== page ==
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To the rescue

Thursday 21st April 2016

Whooper swan rescue, Tim Birch, Derbyshire Wildlife Trust Whooper swan rescue, Tim Birch, Derbyshire Wildlife Trust

Derbyshire Wildlife Trust worked with several organisations to rescue seven whooper swans over the weekend.

The swans found themselves stranded on a tailings dam within the operational land at British Fluorspar near Stoney Middleton in Derbyshire and were in a distressed condition.

The distressed swans were identified by a Derbyshire Ornithological Society member, Mick Lacey and the Trust was alerted to the issue by the Derbyshire Ornithological Society on Tuesday 12th April. The Trust contacted British Fluorspar and visited the site that evening to find a number of swans had died, with a further nine swans still living on the tailings dam

The Trust called in help from the RSPCA and Yorkshire Swan Rescue as well as vet Sue Mayer and co-ordinated a rescue in conjunction with British Fluorspar using a boat and canoe to round up the whooper swans.

The birds are now being cared for at the Yorkshire Swan Rescue Centre near York and we are hopeful that they will recover.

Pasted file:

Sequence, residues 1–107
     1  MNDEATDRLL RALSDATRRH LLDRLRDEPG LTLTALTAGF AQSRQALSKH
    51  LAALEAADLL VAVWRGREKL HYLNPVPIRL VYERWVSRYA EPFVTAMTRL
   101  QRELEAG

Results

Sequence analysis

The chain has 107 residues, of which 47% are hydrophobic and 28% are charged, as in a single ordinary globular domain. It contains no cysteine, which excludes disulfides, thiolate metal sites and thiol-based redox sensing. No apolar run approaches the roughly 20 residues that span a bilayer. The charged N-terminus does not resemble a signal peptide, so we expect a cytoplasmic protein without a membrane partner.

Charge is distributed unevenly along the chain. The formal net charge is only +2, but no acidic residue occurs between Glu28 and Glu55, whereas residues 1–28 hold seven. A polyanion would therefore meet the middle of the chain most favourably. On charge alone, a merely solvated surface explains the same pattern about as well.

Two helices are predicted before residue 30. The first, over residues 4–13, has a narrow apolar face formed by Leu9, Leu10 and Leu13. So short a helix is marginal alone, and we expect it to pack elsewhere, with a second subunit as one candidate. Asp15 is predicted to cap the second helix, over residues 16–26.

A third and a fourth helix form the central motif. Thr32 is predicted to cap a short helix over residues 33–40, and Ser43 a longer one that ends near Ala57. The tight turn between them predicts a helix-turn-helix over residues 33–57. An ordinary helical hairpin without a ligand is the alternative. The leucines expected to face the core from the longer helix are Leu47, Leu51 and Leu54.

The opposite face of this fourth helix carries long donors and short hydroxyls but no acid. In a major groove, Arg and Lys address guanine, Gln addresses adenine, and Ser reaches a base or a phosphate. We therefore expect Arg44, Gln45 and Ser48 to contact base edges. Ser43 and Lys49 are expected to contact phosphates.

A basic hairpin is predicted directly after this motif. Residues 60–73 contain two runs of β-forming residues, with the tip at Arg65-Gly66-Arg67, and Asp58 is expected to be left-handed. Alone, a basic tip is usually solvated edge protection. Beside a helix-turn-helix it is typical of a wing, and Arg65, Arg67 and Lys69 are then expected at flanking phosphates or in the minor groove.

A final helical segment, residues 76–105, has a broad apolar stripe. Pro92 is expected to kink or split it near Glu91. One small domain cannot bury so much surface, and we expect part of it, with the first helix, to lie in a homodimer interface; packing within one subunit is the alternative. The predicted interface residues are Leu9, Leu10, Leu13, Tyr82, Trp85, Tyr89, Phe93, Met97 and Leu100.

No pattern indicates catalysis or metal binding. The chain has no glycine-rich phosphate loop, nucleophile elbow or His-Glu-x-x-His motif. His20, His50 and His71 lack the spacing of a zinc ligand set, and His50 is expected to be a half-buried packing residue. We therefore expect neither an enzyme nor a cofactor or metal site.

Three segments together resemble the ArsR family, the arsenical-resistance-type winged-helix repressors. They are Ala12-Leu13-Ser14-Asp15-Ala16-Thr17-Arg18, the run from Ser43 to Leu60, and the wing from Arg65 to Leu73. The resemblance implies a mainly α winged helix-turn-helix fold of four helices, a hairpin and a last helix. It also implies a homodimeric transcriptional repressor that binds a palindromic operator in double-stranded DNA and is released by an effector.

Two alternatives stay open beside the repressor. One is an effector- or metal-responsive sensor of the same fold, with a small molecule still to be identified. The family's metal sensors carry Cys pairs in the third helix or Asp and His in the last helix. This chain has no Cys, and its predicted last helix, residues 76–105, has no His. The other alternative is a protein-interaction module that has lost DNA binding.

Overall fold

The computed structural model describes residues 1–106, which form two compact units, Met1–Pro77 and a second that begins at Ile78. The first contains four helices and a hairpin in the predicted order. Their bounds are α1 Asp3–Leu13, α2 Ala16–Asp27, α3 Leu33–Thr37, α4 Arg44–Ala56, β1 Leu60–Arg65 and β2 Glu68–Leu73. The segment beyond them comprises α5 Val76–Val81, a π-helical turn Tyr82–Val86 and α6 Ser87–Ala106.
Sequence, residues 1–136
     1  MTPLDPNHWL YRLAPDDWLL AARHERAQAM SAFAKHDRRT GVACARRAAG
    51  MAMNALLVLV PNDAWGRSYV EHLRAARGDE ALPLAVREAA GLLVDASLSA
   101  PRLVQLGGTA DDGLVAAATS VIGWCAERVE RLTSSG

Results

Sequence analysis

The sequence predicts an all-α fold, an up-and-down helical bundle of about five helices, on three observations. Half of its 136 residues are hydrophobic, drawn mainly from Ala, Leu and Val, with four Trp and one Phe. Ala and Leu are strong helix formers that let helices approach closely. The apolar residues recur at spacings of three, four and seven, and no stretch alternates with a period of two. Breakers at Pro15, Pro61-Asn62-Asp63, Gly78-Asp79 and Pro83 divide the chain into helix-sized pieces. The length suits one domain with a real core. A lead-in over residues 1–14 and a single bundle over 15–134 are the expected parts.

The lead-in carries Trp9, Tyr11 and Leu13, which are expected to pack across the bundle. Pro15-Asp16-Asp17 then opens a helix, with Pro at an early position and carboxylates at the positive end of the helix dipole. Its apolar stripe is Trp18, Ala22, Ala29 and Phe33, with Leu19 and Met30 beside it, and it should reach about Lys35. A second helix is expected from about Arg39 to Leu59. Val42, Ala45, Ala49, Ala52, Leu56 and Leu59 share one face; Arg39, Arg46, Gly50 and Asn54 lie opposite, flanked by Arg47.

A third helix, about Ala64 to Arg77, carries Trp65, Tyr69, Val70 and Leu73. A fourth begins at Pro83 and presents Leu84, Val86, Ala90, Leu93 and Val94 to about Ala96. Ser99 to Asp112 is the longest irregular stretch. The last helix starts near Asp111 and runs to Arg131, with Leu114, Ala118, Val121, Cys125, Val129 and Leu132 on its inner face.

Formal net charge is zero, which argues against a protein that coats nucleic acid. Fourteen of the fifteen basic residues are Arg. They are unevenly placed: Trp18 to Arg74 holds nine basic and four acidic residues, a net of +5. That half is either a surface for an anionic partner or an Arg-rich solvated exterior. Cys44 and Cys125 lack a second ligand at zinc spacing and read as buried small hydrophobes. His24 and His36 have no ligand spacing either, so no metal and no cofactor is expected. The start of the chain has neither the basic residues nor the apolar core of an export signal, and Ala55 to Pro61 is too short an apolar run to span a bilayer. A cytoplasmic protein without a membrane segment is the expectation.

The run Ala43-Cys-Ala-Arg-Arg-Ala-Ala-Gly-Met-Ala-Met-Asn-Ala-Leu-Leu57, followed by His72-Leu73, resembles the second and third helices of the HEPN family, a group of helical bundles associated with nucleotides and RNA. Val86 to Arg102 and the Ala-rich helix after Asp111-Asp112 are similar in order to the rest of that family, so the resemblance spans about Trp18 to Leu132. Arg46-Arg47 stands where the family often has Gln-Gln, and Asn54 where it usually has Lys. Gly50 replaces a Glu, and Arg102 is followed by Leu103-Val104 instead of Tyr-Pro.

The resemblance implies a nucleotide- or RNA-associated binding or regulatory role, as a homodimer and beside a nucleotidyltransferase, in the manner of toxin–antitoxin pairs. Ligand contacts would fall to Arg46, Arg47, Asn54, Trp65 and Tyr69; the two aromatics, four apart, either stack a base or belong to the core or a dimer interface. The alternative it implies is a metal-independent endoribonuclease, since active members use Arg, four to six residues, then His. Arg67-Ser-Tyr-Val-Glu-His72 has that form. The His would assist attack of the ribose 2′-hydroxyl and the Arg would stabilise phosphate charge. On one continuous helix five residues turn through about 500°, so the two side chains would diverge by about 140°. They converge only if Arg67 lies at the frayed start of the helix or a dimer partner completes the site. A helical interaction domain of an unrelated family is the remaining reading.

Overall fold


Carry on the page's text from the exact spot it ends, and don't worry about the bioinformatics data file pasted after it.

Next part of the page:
Seven of the swans were carefully herded to the lakeside, checked over, wrapped up in protective blankets and transported to Yorkshire Swan Rescue’s wildlife hospital near York. As of Tuesday this week, 19th April, one of the rescued swans had died and the remaining six were receiving treatment for poisoning. This treatment is expected to take 2-3 weeks and the swans are responding well and already putting on weight. Two swans could not be caught initially, but the RSPCA have since returned to catch them and they have also been taken to Yorkshire Swan Rescue.

 A ring confirmed that these swans were from Iceland

Tim Birch, Derbyshire Wildlife Trust’s Head of Advocacy and Conservation Strategy said, “I am delighted that we managed to rescue these whooper swans that were in poor health and were unable to fly. It was important to act quickly or more birds could have died. The birds are now being cared for at the Yorkshire Swan Rescue Centre near York and we are hopeful that they will recover. A ring confirmed that these swans were from Iceland. Whooper swans visit the UK in winter and migrate back to Iceland late winter or early spring to breed. They are rare birds in Derbyshire and it is a tragedy that birds have already died.”

For updates on the swans’ progress, please follow updates on the Trust's Facebook and Twitter.

For more information on Yorkshire Swan Rescue Hospital see: www.ysrh.org.uk


 

Photos: © Tim Birch, Derbyshire Wildlife Trust